What else am I learning? There’s the business of marketing. I know nothing about business, having spent most of my working life in the shelter of colleges, where I’ve sometimes had to write applications for funding, but where generally your salary just gets paid into your bank at the end of every month, for the same amount each month, whether you’ve had a busy month or a dozy one. Natterjack isn’t a commercial site really, it’s an entertainment site: most of its content is free, so the people who produce it, including me, don’t get paid for it. But since the government seems to have decided to pack up the education system, I have to earn money somehow. Membership and usage of Natterjack is free, and non-paying visitors will always be its lifeblood. You don’t have to buy anything, and you probably won't. But once the site has established a presence with an initial launch, it’ll be selling stuff too: ebooks, CDs, DVDs, maybe paper books too.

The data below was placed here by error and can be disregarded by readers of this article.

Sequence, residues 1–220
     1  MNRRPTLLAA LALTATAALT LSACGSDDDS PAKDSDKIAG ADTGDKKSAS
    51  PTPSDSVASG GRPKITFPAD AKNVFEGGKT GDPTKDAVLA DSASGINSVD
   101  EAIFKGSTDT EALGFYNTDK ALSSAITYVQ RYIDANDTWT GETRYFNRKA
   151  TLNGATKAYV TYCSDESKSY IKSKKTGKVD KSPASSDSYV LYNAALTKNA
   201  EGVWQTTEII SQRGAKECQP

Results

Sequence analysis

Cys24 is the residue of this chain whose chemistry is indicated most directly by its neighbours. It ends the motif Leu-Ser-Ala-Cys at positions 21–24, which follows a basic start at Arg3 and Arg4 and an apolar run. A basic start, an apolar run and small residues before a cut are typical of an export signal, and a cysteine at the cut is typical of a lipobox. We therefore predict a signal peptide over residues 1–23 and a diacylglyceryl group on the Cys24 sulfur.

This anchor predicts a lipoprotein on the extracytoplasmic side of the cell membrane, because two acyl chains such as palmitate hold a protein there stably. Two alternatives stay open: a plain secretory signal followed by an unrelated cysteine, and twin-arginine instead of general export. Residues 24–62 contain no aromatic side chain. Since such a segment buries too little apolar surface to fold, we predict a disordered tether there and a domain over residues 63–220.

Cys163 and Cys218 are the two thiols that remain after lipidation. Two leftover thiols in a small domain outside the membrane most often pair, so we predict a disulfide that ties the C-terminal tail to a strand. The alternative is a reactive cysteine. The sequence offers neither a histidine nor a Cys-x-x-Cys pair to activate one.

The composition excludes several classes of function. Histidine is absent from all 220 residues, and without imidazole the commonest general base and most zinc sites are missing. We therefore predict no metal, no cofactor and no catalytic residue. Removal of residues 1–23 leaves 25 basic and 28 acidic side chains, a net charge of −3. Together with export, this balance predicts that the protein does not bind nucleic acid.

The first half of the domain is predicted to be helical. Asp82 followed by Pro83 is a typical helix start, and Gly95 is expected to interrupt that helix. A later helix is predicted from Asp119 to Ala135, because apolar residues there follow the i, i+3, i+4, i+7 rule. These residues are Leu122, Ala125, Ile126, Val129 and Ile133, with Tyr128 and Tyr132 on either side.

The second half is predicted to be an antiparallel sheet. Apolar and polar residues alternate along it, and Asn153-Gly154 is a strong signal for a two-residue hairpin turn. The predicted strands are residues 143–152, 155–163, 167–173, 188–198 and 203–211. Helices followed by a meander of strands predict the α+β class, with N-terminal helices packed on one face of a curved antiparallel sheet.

And once you start doing a little research into ways of selling on the internet, you find a whole new world opening up. Internet marketing advisers rarely bother showing you how to manage: they just want to show you how to get rich. There are radiant networks of people out there offering information and advice on how to sell “information products” (netspeak for books), all producing courses, subscription newsletters, multi-CD box sets, conferences, webinars, apprenticeships, mentorings, memberships of VIP inner circles, sometimes asking thousands, sometimes making special offers which “must end tomorrow”, sometimes putting out tips for free, though that’s often a bait to get you signing up for a 30-day-delayed Direct Debit which they hope you’ll forget to cancel. There are online videos of conferences with tacky logos hanging from the walls, with people speaking sometimes intensely and drearily, or sometimes bouncily and vacuously, but rarely convincingly, about the fortunes they’ve made from internet marketing. The American salesmen, in particular, like to play an imaginary concertina while they talk to you, occasionally dropping it to point at you for emphasis. Plenty of them guarantee they’ll make you a millionaire within a year or two. Others claim to be more realistic – like Dodgy Dan perhaps – and say their methods won’t make you rich overnight, but how does a modest extra few thousand a month sound? Natterjack will be running features on some of these clowns later. I’ve been reading up on joint ventures and affiliate schemes, marketing strategies, direct response marketing, critical positioning, traffic-directing portals, squeezepages, pay-per-click advertising, the difference between product-centred and market-centred businesses and the difference between shotgun and sniper advertising till my head spins.